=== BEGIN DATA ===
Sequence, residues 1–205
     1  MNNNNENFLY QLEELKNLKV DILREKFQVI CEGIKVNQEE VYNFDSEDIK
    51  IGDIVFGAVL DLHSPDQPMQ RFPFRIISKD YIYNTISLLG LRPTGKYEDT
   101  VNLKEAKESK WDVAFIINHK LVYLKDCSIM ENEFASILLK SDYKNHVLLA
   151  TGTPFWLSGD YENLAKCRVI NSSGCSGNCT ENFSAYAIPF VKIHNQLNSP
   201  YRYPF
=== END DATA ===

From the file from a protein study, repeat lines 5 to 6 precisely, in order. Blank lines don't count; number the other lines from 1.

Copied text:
   151  TGTPFWLSGD YENLAKCRVI NSSGCSGNCT ENFSAYAIPF VKIHNQLNSP
   201  YRYPF